Because of this, Brys believes that the energy market is becoming more valuable for businesses across “intra-day” timeframes, and that blockchain technology and real-time data will allow them to realise cost savings to send renewable energy to the grid.
“A lot of companies are installing solar power and batteries and devices onsite,” Brys tells edie. “They’re producers of power as well as consumers. This fundamental shift is moving us towards renewables. Intra-day flexibility gives corporates assets that can be charged up and sold back during certain times.
“There’s a capability where customers can start using the flexibility and trading it. Utilidex spotted this trend in the market place, but we also spotted that customers want to be more empowered about their energy estates. When the event happens, some will capture the opportunity, sell that energy back to the grid and get the money through quick blockchain transactions.”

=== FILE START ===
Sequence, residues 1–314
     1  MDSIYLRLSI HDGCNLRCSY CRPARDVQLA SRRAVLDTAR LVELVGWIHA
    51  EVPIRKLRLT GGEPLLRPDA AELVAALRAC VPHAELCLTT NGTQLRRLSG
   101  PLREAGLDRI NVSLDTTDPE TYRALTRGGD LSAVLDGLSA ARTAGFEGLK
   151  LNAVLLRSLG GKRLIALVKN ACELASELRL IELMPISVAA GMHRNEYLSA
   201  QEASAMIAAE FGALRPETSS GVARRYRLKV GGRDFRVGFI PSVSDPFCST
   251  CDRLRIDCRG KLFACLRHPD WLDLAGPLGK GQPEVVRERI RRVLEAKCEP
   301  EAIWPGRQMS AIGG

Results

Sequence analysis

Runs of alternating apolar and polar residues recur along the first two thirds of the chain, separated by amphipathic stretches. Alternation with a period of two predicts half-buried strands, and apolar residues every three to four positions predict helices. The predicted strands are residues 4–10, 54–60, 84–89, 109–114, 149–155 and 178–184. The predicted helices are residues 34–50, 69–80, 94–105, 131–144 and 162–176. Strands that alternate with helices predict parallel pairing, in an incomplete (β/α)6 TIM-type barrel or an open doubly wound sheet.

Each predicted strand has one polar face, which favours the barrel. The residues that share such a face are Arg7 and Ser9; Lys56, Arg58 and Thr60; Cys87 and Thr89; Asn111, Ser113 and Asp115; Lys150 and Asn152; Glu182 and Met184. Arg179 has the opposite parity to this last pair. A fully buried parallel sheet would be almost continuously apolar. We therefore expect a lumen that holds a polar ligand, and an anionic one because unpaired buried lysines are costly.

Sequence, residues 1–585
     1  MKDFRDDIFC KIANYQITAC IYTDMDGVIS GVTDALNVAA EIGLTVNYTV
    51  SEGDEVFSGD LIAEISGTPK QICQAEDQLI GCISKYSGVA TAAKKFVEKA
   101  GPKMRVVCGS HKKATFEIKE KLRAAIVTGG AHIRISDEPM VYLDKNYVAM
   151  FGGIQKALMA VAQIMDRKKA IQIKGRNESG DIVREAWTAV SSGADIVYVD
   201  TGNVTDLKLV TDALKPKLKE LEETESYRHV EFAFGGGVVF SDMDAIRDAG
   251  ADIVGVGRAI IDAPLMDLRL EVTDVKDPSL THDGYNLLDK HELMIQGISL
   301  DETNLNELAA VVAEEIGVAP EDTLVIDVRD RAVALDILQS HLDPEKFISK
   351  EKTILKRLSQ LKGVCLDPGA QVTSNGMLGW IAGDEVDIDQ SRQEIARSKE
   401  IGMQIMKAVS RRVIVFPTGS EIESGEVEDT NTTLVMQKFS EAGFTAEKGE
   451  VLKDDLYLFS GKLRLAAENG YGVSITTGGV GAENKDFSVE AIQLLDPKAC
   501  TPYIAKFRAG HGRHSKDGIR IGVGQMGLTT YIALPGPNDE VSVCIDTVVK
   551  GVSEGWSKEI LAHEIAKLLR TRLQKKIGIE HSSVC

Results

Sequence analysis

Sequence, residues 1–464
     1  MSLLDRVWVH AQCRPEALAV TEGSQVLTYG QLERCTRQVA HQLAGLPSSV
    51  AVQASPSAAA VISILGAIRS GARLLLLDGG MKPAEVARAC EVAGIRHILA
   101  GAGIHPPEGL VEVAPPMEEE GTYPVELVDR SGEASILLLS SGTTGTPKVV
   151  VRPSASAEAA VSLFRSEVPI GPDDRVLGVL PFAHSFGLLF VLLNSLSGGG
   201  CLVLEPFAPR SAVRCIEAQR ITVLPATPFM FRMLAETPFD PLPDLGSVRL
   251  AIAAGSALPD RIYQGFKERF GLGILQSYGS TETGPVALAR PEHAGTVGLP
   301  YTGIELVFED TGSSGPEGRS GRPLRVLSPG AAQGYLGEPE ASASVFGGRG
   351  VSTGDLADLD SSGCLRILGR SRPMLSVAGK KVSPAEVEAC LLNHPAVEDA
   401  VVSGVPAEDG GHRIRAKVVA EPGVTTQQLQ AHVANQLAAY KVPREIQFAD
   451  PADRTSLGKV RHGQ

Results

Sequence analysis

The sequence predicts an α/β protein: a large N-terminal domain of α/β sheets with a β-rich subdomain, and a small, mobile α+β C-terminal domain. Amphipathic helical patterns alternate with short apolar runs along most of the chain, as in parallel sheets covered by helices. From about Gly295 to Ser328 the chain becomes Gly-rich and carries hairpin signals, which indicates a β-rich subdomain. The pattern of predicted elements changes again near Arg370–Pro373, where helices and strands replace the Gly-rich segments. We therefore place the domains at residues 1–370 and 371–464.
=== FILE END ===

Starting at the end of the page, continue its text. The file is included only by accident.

While blockchain won’t forecast the peaks and troughs in energy markets, Brys notes it’s an “elegant way” to secure a contract to create immediate cashflow, rather than waiting on monthly updates to see if a business captured the opportunity.
It’s not just the monetary gains that should have energy managers paying attention to the technology. PwC hired Spens in 2016 to “explore transformational potential of blockchain”, and he notes that energy consumption could be mapped by large companies to find areas of improvement.
Take real estate as a hypothetical scenario. If a landlord or property owner wants to improve the energy consumption of its estate, it can use blockchain to map retail outlets in shopping malls to see how much electricity they sourced in a certain timeframe.